“Pete Rose: An American Dilemma” by Kostya Kennedy
Baseball, biography, Reds, Hall of Fame
March 11, 2014
5 of 5 stars (outstanding)
Pete Rose has been one of the most polarizing figures in baseball for the last 25 years. In that time, he signed an agreement that permanently banned him from associating with Major League Baseball, has admitted in a tell-all book that he bet on baseball after denying so for over 15 years, spent time in prison for tax evasion, hawked as much memorabilia and as many autographs as he could and yet still have a lot of support to win reinstatement and enshrinement into the Baseball Hall of Fame. All of these topics and more are covered in Kostya Kennedy’s outstanding book on Rose.
This isn’t a typical biography in which the story of the subject is told from birth to present day. Oh, sure, there are pages about Rose’s youth, his relationship with his father and his climb from the minor leagues to the Cincinnati Reds. However, the focus of the book is on Rose and the manner in which he handles himself with the ban from baseball.
There are several chapters interspersed throughout the book on his presence in Cooperstown, New York during the weekend in 2012 when two players were inducted into the Hall of Fame. These stories of Rose and his presence in the hamlet selling anything he can while at the same time being banned from enshrinement in the museum less than a mile away on Main Street smacks of part irony, part melancholy. Kennedy makes the reader feel like he or she is experiencing induction weekend in Cooperstown during these chapters. When Barry Larkin, one of the players inducted that year, mentions Rose during his acceptance speech, the reader cannot help but feel Rose is there, thanks to the prose of Kennedy.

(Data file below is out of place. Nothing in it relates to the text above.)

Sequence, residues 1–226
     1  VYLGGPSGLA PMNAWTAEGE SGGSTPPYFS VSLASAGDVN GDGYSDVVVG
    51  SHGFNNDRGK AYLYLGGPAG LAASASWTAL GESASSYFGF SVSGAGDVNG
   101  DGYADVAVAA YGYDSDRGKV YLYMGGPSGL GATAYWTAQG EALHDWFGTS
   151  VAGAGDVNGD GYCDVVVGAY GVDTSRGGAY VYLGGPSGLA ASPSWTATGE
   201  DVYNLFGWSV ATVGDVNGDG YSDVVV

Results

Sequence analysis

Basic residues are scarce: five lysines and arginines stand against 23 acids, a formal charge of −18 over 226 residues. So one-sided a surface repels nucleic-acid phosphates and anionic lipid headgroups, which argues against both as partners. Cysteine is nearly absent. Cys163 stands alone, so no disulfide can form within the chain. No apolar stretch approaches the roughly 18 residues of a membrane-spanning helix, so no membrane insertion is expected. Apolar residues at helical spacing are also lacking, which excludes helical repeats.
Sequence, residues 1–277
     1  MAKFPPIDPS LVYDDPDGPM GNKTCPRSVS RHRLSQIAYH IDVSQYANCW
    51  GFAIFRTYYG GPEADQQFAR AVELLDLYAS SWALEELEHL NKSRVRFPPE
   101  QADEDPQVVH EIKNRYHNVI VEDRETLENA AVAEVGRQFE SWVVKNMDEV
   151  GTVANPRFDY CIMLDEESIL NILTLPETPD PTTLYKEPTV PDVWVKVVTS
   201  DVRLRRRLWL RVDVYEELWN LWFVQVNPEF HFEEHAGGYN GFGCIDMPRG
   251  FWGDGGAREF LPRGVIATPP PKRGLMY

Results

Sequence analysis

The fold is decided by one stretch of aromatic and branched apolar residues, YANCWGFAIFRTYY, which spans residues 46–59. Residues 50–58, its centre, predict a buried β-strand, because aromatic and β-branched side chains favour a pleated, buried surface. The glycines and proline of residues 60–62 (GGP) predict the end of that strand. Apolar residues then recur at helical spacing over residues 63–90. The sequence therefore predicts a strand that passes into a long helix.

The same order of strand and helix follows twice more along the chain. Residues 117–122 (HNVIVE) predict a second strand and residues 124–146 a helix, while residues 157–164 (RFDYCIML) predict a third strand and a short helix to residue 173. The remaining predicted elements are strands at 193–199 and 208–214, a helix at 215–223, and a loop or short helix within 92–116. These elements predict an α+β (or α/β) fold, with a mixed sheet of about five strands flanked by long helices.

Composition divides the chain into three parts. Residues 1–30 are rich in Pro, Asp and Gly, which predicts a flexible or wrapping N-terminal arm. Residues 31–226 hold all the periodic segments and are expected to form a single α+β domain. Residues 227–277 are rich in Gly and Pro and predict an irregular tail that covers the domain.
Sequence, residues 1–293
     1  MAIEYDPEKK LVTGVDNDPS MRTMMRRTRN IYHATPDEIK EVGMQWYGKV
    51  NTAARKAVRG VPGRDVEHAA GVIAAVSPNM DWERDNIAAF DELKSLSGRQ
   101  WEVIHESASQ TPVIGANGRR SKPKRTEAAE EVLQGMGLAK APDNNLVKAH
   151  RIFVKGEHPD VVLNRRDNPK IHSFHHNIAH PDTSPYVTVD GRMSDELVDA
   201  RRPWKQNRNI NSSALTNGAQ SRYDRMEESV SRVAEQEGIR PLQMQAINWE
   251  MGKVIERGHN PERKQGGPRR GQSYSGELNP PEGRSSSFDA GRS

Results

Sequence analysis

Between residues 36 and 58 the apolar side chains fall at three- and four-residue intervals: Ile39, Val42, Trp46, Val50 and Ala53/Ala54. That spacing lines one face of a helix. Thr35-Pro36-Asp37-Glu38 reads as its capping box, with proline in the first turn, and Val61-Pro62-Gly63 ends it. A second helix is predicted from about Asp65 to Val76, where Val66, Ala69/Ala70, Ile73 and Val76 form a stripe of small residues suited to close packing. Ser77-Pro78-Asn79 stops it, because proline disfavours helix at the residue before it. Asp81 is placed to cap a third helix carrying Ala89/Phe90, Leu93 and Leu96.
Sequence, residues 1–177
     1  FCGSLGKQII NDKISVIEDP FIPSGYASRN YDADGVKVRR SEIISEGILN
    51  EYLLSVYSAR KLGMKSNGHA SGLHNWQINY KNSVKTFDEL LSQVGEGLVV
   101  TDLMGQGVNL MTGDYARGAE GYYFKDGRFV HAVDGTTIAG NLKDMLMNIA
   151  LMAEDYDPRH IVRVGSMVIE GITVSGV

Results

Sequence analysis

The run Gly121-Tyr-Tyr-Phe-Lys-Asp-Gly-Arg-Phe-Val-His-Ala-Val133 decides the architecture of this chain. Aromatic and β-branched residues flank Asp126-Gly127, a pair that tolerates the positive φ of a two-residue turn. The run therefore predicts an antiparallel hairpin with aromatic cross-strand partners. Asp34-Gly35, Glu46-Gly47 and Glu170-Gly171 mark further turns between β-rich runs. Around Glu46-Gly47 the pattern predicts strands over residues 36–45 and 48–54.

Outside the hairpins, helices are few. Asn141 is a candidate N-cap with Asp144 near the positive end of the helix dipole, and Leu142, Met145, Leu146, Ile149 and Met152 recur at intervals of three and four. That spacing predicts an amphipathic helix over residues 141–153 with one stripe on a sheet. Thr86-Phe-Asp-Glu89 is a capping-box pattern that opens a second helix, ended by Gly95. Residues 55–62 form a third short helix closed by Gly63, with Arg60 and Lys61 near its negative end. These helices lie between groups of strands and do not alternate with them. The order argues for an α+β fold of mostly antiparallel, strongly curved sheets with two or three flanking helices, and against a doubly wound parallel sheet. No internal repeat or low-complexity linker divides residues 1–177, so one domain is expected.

Other topics which are captured and vividly described by Kennedy are Rose’s relationship with his oldest son, Pete Jr. Here another emotional event is illustrated well when Pete Jr. makes his major league debut with the Reds in 1997, but cannot enjoy the moment with his father in the clubhouse because of the ban.
However, my favorite chapter in the book was chapter 17, simply titled “Gate Keepers.” The first paragraph in this chapter is all you need to know in order to understand the title. It ends with the phrase “Keep Pete Rose out of the Baseball Hall of Fame.” This was the meeting in 1991 when a special committee met and drafted the rule that became known as the Pete Rose rule – simply that a person on baseball’s ineligible list shall not be eligible to be elected to the Hall of Fame. Kennedy can barely hide the contempt for this rule, calling it “the greatest disservice to be inflicted upon the Hall of Fame induction process…” and further stating that nothing else “has so deeply stained the procedure, nor delivered such a blow to the integrity of the process as a whole.” This shows that not only has Kennedy done his research, but that he has a deep passion for the topic. His writing is a reflection of that passion.
No matter how the reader feels about Rose and whether or not he belongs in the Hall of Fame, this outstanding book should be read by every baseball fan. The stories are rich, the research through, the interviews with other players and Rose’s family members riveting and the entire book is a fine work by Kennedy.
Did I skim?
Pace of the book:
Excellent. Kennedy’s writing keeps the reader engrossed and the pages turning, whether the topic is Rose hustling to third base on a hit, the gambling investigation, Pete Jr. or the latest sale of Rose merchandise in Cooperstown.
Do I recommend?
This is a must read book for any baseball fan. It doesn’t matter whether you like Rose or not, nor does it matter how the reader feels about whether or not Rose belongs in the Hall of Fame, this book will keep the reader riveted.
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